The present invention has the object of providing a method of fabricating a master recording disc for the mass-production of digital audio and video discs which ensures pits having a consistent taper angle value in an efficient manner.
The method of the invention comprises forming a photoresist layer on a glass substrate to form a master blank, revolving the master blank and directing an intensity-modulated laser beam onto the surface of the revolving photoresist layer so that a series of optically excited regions is formed in track turns in the photoresist layer. The optically excited regions are removed, forming a series of pits in the photoresist layer. The method includes the steps of sputtering the master blank with an etchant gas until the pits in the photoresist layer extend through and beyond the boundary surface of the photoresist layer and the glass substrate to a desired depth from the boundary surface. The pits have side walls tapered in a direction away from said boundary surface and are formed in the substrate. The photoresist layer remaining on the glass substrate is then removed.
The present invention will be described in further detail with reference to the accompanying drawings, in which:
FIGS. 1A to 1D are cross-sectional views illustrating sequential steps of fabricating a master recording disc;
FIGS. 2A to 2F are cross-sectional views illustrating sequential changes that a given pit undergoes when the master disc is subjected to sputtered gases; and
FIG. 3 is a graphic view illustrating the relationship between the angle of the side walls of pits and the thickness of a photoresist deposited on a glass substrate.
In FIG. 1A, a mirror-polished, soda-lime glass disc 10 having a diameter of 240 mm with a 15-mm center hole and a thickness of 10 mm is prepared. The glass disc is composed of 70 to 75 weight percent of SiO2, and chemically inactive compositions such as 12 to 18 weight percent of Na2 O, 0 to 1 weight percent of K2 O, 5 to 14 weight percent of CaO, 0 to 4 weight percent of MgO and 0.5 to 2.5 weight percent of Al2 O3. A photoresist layer 11 (identified as AZ1350, a product of Shipley Chemical Company, U.S.A.) sensitive to laser beams is applied onto the glass disc 10 using a spin coat method to a thickness of about 4000 angstrom units to form a blank master disc 12. To ensure good adhesive contact between disc 10 and photoresist 11, adhesive such as hexamethyldisilazane is preferably applied onto the disc 10 before the photoresist is applied.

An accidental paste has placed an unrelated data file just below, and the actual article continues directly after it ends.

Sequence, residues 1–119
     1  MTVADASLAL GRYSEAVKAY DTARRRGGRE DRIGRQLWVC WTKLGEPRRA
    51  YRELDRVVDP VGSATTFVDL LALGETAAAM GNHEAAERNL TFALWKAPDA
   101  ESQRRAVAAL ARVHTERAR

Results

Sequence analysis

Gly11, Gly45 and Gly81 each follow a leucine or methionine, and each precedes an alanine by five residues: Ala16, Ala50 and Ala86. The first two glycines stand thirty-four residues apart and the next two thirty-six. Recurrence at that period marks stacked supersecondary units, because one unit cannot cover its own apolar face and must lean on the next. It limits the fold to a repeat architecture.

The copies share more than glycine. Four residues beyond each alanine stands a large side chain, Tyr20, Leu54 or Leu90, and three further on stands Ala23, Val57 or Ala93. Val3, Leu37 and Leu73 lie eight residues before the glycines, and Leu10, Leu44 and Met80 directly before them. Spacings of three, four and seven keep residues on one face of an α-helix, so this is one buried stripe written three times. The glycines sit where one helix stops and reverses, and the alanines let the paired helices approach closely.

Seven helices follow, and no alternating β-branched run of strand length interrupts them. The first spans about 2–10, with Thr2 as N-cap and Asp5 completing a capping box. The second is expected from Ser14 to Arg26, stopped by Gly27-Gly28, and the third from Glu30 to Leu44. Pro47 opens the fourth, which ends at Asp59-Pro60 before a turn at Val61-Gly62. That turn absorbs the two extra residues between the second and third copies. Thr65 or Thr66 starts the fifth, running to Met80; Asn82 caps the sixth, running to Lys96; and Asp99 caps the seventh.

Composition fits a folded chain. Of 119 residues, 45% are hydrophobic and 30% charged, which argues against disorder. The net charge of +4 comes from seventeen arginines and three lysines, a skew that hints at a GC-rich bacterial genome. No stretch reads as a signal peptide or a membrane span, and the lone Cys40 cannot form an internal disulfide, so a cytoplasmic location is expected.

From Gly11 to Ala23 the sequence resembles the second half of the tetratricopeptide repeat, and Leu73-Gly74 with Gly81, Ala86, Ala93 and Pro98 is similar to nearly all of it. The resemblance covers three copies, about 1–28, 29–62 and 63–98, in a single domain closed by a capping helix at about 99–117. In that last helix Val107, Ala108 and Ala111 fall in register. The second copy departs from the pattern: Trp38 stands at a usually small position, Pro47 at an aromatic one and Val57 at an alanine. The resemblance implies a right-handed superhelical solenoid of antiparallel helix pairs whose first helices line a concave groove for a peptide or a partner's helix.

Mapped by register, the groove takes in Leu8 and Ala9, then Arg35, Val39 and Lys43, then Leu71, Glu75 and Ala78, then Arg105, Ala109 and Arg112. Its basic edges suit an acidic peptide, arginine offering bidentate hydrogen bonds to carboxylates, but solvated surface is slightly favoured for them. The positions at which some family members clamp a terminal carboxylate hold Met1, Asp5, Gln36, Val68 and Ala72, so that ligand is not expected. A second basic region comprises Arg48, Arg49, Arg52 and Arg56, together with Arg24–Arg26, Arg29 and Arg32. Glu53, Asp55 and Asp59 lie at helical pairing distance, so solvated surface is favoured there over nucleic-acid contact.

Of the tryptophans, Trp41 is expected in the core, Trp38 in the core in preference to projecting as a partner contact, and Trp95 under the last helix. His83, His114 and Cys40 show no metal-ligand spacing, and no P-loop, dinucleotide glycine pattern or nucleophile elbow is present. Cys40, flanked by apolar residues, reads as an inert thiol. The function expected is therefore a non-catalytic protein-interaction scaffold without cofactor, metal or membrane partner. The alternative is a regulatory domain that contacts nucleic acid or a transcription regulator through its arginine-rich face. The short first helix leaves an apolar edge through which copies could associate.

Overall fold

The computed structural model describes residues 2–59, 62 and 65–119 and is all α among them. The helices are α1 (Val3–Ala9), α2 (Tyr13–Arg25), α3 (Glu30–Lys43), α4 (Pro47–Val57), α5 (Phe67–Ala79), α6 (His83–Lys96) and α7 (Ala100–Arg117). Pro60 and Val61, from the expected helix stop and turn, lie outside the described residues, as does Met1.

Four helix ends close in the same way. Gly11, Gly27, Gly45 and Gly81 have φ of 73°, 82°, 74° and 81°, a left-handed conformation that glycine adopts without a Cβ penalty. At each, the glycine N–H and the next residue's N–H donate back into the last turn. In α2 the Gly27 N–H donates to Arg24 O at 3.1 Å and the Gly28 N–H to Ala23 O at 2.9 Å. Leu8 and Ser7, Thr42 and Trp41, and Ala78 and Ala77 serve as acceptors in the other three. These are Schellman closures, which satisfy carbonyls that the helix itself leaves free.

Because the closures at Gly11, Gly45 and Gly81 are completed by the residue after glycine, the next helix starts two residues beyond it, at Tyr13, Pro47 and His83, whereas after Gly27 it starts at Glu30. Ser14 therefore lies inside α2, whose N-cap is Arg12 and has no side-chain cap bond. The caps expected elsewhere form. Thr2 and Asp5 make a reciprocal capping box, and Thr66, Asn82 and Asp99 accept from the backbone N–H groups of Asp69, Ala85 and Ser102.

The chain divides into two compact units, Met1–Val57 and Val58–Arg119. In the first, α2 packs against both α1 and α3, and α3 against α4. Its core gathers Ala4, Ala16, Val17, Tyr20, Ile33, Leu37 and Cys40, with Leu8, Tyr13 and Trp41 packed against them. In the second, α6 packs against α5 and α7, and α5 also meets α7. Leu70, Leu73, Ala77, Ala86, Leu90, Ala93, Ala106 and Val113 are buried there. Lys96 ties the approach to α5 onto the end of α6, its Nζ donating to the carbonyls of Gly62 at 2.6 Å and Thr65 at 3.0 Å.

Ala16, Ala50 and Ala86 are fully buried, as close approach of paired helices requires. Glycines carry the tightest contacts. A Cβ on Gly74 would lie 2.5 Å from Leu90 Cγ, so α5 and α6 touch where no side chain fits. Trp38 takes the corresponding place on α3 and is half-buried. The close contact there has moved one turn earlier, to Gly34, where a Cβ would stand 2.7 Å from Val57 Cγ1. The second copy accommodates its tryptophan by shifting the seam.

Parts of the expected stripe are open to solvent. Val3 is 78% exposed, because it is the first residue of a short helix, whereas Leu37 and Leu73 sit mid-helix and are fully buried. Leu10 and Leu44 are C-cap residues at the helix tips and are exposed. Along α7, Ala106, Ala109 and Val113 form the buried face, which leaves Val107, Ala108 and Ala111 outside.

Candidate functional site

The master blank 12 is then placed on a turntable and rotated at a predetermined speed. Onto the spinning photoresist layer 11 is directed an argon laser beam having an intensity modulated with a standard digital audio signal or an FM video signal. The beam is moved at a predetermined speed in a radial direction to cause the spot of beam on the photoresist layer to follow a spiral path in a manner well known in the art, thus forming a series of optically excited regions in a spiral pattern. The photoresist 11 is then developed and the optically excited regions are etched away from the master blank to form a series of microscopic pits 13 along a spiral track as shown in FIG. 1B. The intensity of the laser is such that it produces pits having sidewalls perpendicular to the disc surface as illustrated in FIG. 2A.